Trade Secret Asset Management: The Defend Trade Secrets Act of 2016
By R. Mark Halligan, Partner, FisherBroyles, LLP
Posted: 7th February 2017 08:32With passing the Defend Trade Secrets Act 2016 (DTSA), trade secret assets are no longer step-child intellectual property rights. Trade secret assets are now on the same playing field as patents, copyrights and trademarks with the creation of a federal civil cause of action for trade secret misappropriation. In addition, powerful trade secret protection tools are now available under the DTSA including ex parte seizure provisions.
The passage of the DTSA is a watershed event in intellectual property law. The full Senate passed the DTSA on 11 April 2016 (87-0). Thereafter, the House of Representatives passed the DTSA on 27 April 2016 (410-2). President Obama signed the bill into law on 11 May 2016 and the DTSA applies to any misappropriation for which an act occurs on or after 11 May 2016.
There is no preemption. The district courts of the United States have original jurisdiction over a DTSA civil cause of action but the DTSA cause of action will co-exist with a private civil cause of action under the Uniform Trade Secrets Act (UTSA) and criminal prosecutions under the Economic Espionage Act 1996 (EEA).
What does this mean for trade secret owners? It means you have powerful new tools available for protecting trade secret assets if you take four critical steps required for internal trade secret asset management: identification, classification, protection and valuation.
The most important step is the first step—identification—and this step is often skipped. Most companies start at the protection stage without the prior identification and classification of the trade secret assets. Protection measures (without knowing what “IT” is that is being protected) are therefore doomed to fail.
The modern definition of a trade secret encompasses any information that can be used in the operation of a business or other enterprise and that is sufficiently valuable and secret to afford an actual or potential economic advantage over others. The entire spectrum of technical and non-technical information can be protected as a trade secret—even negative know-how (“what doesn’t work”) is protectable as a trade secret.
The most effective way to identify corporate trade secrets is to use the SUBJECT-FORMAT-PRODUCT (“SFP”) protocol. Here are examples: R&D (Subject) Formula (Format) for Coke (Product); Sales (Subject) Forecast (Format) for Lawn Furniture (Product); Engineering (Subject) Specification (Format) for Transmissions (Product).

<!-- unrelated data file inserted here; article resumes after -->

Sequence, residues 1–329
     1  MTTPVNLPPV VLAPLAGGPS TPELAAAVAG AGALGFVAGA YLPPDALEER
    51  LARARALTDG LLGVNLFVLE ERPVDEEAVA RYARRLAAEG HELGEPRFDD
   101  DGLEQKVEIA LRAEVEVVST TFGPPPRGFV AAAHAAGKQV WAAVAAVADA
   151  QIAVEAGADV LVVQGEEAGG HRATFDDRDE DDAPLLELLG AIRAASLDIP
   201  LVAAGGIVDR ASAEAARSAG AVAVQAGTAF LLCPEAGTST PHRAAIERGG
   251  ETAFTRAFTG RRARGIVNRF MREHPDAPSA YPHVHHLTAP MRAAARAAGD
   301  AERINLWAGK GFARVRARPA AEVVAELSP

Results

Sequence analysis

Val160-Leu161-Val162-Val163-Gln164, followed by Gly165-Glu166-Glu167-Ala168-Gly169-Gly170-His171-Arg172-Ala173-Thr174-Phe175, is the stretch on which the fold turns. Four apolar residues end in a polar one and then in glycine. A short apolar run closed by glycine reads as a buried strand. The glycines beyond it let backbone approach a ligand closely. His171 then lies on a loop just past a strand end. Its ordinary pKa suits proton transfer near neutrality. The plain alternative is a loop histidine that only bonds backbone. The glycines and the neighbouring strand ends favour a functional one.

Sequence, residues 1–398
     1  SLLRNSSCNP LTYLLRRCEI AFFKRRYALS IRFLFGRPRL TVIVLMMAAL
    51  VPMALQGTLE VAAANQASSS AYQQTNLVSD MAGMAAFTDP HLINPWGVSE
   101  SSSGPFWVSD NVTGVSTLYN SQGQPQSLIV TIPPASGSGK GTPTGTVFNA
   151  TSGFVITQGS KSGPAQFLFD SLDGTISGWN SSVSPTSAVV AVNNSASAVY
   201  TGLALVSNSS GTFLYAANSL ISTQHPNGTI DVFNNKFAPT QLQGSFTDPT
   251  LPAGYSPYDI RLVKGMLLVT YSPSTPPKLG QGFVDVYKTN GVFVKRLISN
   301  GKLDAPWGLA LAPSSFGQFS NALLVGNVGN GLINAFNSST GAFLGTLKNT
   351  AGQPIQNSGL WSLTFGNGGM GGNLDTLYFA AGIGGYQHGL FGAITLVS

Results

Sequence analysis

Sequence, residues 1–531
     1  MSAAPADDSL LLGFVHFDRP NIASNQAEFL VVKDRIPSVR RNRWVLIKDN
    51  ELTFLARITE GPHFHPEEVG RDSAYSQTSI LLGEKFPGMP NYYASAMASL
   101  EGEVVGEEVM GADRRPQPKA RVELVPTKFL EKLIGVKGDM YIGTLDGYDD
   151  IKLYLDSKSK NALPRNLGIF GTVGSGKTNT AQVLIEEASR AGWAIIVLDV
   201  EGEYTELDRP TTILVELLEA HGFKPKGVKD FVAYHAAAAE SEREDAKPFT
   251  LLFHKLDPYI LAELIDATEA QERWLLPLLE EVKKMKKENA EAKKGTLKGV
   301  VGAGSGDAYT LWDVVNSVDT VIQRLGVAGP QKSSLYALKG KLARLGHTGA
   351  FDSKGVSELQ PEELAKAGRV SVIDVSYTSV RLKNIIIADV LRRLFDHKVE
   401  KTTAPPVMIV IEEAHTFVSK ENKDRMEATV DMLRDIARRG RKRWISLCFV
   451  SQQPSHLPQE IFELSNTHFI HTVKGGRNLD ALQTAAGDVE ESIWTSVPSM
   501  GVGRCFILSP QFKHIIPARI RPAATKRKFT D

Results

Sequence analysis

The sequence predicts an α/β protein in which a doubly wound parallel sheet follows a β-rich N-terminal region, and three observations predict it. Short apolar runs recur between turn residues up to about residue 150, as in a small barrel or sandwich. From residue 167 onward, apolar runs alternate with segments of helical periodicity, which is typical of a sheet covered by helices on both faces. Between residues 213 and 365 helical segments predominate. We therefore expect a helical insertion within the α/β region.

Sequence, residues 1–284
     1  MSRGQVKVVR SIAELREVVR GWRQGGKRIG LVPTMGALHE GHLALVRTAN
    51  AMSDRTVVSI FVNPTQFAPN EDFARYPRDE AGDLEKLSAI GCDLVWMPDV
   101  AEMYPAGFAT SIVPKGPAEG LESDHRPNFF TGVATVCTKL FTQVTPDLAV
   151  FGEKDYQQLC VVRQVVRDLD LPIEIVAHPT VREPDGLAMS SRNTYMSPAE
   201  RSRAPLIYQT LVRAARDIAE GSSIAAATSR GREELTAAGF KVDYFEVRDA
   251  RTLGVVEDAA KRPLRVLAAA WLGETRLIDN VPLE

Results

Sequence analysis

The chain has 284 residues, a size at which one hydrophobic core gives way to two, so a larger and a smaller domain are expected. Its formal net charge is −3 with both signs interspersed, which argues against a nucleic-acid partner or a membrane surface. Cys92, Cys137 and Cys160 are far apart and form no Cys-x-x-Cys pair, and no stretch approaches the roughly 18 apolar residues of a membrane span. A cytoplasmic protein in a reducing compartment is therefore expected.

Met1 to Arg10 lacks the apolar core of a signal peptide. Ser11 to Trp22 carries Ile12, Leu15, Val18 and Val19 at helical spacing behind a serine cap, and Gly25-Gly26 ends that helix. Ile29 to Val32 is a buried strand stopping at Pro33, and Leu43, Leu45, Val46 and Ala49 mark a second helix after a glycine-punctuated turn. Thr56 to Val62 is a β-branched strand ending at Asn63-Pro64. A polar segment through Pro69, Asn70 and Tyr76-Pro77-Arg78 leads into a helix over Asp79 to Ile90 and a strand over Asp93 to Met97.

The “Subject” corresponds to the department or organisation within the company that created or uses the identified trade secret. The “Format” encompasses all the types and formats that capture or relate to the identified trade secret information such as processes, formulas, and test results. There are many possible formats. A manufacturing company could easily have over 200 formats. Finally, a trade secret must relate to a “Product” including an existing product, prototype product, or failed product.
The key take-away from the SFP categorisation system is that each trade secret aligns with only one SFP occupying a unique three-dimensional plane. This means the trade secret owner, after removing redundant entries, will have a complete organisation of all the trade secrets in the company or other enterprise.
The next step is classification. A company may have thousands or even millions of trade secret assets. Therefore, trade secret assets must be classified so the most valuable trade secret assets have the most security. The existence of a trade secret asset must be validated in court. The legal determination whether an alleged information asset qualifies as a statutory trade secret requires a six-factor analysis based on the original Restatement of Torts Section 757 (1939). The Six Factors are:
Factor 1:The extent to which the information is known outside the company (the more extensively the information is known outside the company, the less likely that it is a protectable trade secret);
Factor 2:The extent to which the information is known by employees and others involved inside the company (the greater the number of employees who know the information, the less likely it is a protectable trade secret);
Factor 3:The extent of measures taken by the company to guard the secrecy of the information (the greater the security measures, the more likely that it is a protectable trade secret);
Factor 4:The value of the information to the company and competitors (the greater the value of the information to the company and its competitors, the more likely that it is a protectable trade secret);